from NDABENI MLOTSHWA in Bulawayo, Zimbabwe
BULAWAYO, (CAJ News) – WHILE President Emmerson Mnangagwa was launching a community engagement and consultation process over the massacre of minorities soon after Zimbabwe’s independence in 1980, supporters of his party were unleashing violence at a district that was the epicentre of the atrocities.
Mnangagwa met the traditional leaders in the second largest city of Bulawayo this week, as 37 km to the west, in Matobo, suspected Zimbabwe African National Union-Patriotic Front (ZANU-PF) supporters brutalised followers of the main opposition Citizens Coalition for Change (CCC).
Branded ZANU-PF vehicles transported the attackers. Shots were allegedly fired at opposition supporters. Some women were allegedly stripped of their yellow T-shirts and left half naked.
Opposition vehicles were damaged and some stores looted.
The attacks bore the hallmark of ZANU-PF ahead of polls. Matobo will this weekend hold by-elections and it is again anticipated to be a two-horse race between ZANU-PF and the CCC of Nelson Chamisa, which has won a majority of by-elections held since its launch, only in January this year.
It has emerged as the biggest threat to ZANU-PF’s grip on power, which dates back to independence in 1980. Matabeleland has largely rejected the ruling ZANU-PF party in every poll after freedom was attained from the British.
However, it is mere coincidence that the violence occurred as Mnangagwa was in the region. However, Matobo is a largely peaceful district hence the violence that preceded the upcoming poll evoked memories of the Gukurahundi.
It translates to “the early rain which washes away the chaff before the spring rains” in the local majority language, Shona.
It refers to the massacre of an estimated 20, 000 civilians, mainly the Ndebele speaking, Zimbabwe’s largest minority group, after then-president Robert Mugabe in 1983 deployed a Korean trained 5th Brigade army unit to quash so-called dissidents in Matabeleland and some parts of Midlands provinces.
The dissidents were disgruntled ex-combatants of Joshua Nkomo’s Zimbabwe African People’s Union (ZAPU), which alongside ZANU, fought the liberation struggle from 1964 to 1979.
Over the following years of deployment, the Fifth Brigade, as the army unit was known, committed other violations including unlawful detention, torture and rape.
Figures by the International Association of Genocide Scholars indicate that more than 20 000 people were killed. It has classified the massacres as genocide.
The massacres would end after ZANU and ZAPU signed the Unity Accord, which culminated in the merger of the two to form ZANU-PF in 1987.
It is the darkest chapter in Zimbabwe’s history.
There has never been an apology by the government. Mugabe (now late) only called it “a moment of madness” in 1999 at Nkomo’s memorial service.
The launch of a community engagement and consultation process by Mnangagwa this week, which culminated in the chiefs handing over the “Gukurahundi manual” is seen as a step in the right direction towards national healing.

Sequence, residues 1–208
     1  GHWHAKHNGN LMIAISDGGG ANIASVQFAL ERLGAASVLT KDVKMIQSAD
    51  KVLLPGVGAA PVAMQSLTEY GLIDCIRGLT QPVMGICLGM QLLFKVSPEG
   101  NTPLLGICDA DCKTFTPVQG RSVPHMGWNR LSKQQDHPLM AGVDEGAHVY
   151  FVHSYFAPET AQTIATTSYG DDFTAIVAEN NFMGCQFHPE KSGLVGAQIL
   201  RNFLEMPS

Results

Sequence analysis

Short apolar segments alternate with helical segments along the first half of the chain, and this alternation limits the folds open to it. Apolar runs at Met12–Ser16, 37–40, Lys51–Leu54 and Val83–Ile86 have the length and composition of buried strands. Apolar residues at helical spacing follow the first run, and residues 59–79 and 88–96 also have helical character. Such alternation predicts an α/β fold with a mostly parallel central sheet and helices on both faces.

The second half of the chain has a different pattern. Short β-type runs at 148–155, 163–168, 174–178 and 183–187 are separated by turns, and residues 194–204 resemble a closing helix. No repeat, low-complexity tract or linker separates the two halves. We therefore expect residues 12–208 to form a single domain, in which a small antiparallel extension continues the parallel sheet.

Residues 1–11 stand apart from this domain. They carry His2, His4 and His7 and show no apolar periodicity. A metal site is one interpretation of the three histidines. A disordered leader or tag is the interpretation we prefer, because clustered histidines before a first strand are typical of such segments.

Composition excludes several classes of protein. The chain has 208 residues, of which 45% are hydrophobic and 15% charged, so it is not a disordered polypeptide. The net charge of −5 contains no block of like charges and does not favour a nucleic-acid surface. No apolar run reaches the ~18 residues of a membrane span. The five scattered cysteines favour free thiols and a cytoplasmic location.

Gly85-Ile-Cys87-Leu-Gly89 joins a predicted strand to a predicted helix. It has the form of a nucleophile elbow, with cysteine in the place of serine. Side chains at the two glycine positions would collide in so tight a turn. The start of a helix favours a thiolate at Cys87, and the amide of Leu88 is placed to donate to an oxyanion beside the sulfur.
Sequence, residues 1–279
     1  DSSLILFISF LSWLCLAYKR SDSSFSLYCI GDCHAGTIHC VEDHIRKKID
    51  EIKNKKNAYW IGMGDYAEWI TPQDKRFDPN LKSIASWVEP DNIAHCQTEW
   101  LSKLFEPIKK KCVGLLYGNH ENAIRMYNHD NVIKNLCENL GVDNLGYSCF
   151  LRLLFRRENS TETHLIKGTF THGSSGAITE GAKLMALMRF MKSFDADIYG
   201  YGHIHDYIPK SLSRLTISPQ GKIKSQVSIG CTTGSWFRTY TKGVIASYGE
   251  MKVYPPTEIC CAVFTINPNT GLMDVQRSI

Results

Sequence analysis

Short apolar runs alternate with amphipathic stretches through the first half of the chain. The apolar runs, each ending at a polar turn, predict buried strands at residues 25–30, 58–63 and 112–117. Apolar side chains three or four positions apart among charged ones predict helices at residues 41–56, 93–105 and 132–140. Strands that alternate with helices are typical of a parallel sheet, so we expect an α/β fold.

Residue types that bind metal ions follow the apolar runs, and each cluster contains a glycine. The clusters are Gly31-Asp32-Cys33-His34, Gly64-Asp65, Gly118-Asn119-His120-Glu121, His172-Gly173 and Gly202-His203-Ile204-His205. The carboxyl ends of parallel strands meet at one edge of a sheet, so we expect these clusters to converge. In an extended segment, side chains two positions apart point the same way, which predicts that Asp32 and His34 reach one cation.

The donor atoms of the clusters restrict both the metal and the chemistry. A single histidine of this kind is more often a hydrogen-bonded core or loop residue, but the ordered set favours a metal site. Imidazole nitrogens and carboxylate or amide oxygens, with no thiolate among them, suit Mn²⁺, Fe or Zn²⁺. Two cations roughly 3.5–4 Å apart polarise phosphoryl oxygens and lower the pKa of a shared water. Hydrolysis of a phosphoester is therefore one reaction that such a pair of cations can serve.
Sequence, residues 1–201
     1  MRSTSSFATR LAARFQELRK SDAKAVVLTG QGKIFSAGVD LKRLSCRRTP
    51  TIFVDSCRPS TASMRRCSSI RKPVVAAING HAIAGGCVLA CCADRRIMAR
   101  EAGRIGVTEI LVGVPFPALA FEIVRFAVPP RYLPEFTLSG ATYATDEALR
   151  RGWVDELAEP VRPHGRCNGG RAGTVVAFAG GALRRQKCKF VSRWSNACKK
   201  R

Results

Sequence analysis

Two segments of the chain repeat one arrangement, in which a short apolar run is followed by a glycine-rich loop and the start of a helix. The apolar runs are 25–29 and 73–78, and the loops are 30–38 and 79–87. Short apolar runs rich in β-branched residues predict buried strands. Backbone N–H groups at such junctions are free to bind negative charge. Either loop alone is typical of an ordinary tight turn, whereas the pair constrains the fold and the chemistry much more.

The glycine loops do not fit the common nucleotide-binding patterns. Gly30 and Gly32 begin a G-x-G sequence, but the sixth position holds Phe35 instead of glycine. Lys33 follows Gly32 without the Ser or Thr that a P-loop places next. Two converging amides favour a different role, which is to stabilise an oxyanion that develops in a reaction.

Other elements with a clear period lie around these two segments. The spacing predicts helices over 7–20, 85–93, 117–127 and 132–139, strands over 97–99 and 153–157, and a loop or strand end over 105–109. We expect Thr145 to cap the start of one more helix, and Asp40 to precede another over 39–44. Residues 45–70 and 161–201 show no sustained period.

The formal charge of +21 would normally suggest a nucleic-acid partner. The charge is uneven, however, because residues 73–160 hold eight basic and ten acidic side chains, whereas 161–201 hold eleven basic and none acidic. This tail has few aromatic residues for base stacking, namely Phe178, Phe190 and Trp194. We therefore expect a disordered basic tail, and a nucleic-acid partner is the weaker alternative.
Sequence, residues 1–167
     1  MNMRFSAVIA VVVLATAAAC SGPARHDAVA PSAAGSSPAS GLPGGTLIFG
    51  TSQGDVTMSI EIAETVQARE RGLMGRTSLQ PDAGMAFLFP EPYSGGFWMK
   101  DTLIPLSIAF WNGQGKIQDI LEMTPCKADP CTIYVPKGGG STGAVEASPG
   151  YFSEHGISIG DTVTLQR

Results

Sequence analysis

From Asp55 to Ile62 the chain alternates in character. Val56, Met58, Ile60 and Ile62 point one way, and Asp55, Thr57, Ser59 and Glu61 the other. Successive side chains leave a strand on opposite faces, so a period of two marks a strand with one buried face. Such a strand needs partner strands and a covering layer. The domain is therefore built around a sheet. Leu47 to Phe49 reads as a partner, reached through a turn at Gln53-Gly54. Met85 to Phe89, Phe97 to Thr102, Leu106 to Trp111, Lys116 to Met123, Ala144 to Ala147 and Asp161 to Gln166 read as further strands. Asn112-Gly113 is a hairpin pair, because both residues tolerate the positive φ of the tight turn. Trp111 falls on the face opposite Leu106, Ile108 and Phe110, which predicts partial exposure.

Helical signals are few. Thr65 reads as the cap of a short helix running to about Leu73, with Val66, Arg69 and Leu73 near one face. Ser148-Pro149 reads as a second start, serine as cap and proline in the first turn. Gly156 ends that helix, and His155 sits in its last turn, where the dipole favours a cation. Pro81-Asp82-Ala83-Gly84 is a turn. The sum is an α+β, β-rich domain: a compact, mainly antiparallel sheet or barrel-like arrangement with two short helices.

Therein lies the issue.
Mnangagwa’s efforts to lead a process to close this most sensitive episode in Zimbabwe’s tragic political history has lurched into a dilemma.
His involvement in the process has enraged some sections of Zimbabwean society, particularly in the affected regions, because he is denounced as one of the masterminds of the Gukurahundi.
That is because of his position as Minister of State Security at that time.
Mnangagwa (80), for years Mugabe’s right-handman, denies involvement.
His “new dispensation” or “Second Republic” since a coup forced Mugabe from power in 2017 offered expectation the government would publicly apologise for the atrocities but that has not happened.
“How can a chief perpetrator lead the healing process?” asked a Bulawayo-based activist.
Activist, Thandekile Moyo, criticized the involvement of traditional from Matabeleland for participating in the consultation process.
The two-volume Gukurahundi manual is a result of engagement between the chiefs and Mnangagwa. Chiefs are to organise public hearings in affected communities.
“For our chiefs to continue dancing to the tune of Mnangagwa, a Gukurahundi genocide perpetrator, especially considering the violence unleashed by ZANU-PF on our people in Matobo (in recent days) is completely unacceptable,” Moyo said.
Bhalagwe in Matobo was the largest and most notorious Gukurahundi detention centre. Civilians were tortured and killed there.
Outspoken chief, Nhlanhlayamangwe Felix Ndiweni, said the healing initiative led by Mnangagwa was “another attempt to white wash the Ndebele genocide and crimes against humanity.
“RG (Robert Gabriel) Mugabe is late,” he said.
“But we still have Mnangagwa, who must defend himself in a proper court of law for the charges of genocide and crimes against humanity,” Ndiweni said.
Government’s and the ruling party’s sincerity has been questioned by some survivors and families of deceased or those unaccounted for.
In recent months, suspected state security agents have destroyed some plaques erected by villagers and some pressure groups in memory of victims.
Some of these plaques have been bombed.
Other citizens in the region are willing to give the president and his administration a chance.
“I hope he is going to be genuine and sincere in his handling of this very delicate situation. The nation needs to heal,” Nyaladzani Tshuma said.
Speaking in Bulawayo, Mnangagwa, conceded to the divisions the genocide had brought to the Southern African country.
“For too long, we have let our differences hinder our collective development,” he said.
Mnangagwa said the ambition of the Gukurahundi manual was to “heal the wounds of our nation.”
“Zimbabwe has no room for division, tribalism or ethnic hostilities,” he said.
“We must move forward together as one nation, one Zimbabwe,” Mnangagwa concluded.
– CAJ News